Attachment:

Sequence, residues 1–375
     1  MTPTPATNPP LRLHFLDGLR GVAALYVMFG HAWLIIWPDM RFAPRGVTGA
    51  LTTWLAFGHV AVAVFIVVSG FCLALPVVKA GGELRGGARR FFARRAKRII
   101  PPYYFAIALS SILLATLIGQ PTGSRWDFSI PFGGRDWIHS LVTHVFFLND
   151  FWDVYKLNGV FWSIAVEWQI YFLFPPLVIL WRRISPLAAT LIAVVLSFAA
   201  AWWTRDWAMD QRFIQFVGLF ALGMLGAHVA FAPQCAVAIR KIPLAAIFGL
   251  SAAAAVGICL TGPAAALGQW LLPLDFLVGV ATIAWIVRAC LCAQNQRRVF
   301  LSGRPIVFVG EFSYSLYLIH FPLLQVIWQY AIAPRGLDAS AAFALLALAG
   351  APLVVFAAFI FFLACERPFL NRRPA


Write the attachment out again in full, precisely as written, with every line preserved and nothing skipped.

Sequence, residues 1–375
     1  MTPTPATNPP LRLHFLDGLR GVAALYVMFG HAWLIIWPDM RFAPRGVTGA
    51  LTTWLAFGHV AVAVFIVVSG FCLALPVVKA GGELRGGARR FFARRAKRII
   101  PPYYFAIALS SILLATLIGQ PTGSRWDFSI PFGGRDWIHS LVTHVFFLND
   151  FWDVYKLNGV FWSIAVEWQI YFLFPPLVIL WRRISPLAAT LIAVVLSFAA
   201  AWWTRDWAMD QRFIQFVGLF ALGMLGAHVA FAPQCAVAIR KIPLAAIFGL
   251  SAAAAVGICL TGPAAALGQW LLPLDFLVGV ATIAWIVRAC LCAQNQRRVF
   301  LSGRPIVFVG EFSYSLYLIH FPLLQVIWQY AIAPRGLDAS AAFALLALAG
   351  APLVVFAAFI FFLACERPFL NRRPA